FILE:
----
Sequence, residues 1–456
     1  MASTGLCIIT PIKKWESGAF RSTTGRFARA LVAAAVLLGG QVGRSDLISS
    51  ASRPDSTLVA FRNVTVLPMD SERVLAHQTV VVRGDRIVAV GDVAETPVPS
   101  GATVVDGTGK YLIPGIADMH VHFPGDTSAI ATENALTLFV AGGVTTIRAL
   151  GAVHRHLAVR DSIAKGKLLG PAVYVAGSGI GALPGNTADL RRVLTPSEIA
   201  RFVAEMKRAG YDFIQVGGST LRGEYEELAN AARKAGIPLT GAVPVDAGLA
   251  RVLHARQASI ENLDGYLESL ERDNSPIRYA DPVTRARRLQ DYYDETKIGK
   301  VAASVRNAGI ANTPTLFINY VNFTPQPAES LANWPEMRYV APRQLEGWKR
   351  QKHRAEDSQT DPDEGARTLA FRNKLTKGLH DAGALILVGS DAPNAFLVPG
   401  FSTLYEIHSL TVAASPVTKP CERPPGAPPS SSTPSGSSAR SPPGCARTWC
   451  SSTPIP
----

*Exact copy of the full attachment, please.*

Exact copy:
Sequence, residues 1–456
     1  MASTGLCIIT PIKKWESGAF RSTTGRFARA LVAAAVLLGG QVGRSDLISS
    51  ASRPDSTLVA FRNVTVLPMD SERVLAHQTV VVRGDRIVAV GDVAETPVPS
   101  GATVVDGTGK YLIPGIADMH VHFPGDTSAI ATENALTLFV AGGVTTIRAL
   151  GAVHRHLAVR DSIAKGKLLG PAVYVAGSGI GALPGNTADL RRVLTPSEIA
   201  RFVAEMKRAG YDFIQVGGST LRGEYEELAN AARKAGIPLT GAVPVDAGLA
   251  RVLHARQASI ENLDGYLESL ERDNSPIRYA DPVTRARRLQ DYYDETKIGK
   301  VAASVRNAGI ANTPTLFINY VNFTPQPAES LANWPEMRYV APRQLEGWKR
   351  QKHRAEDSQT DPDEGARTLA FRNKLTKGLH DAGALILVGS DAPNAFLVPG
   401  FSTLYEIHSL TVAASPVTKP CERPPGAPPS SSTPSGSSAR SPPGCARTWC
   451  SSTPIP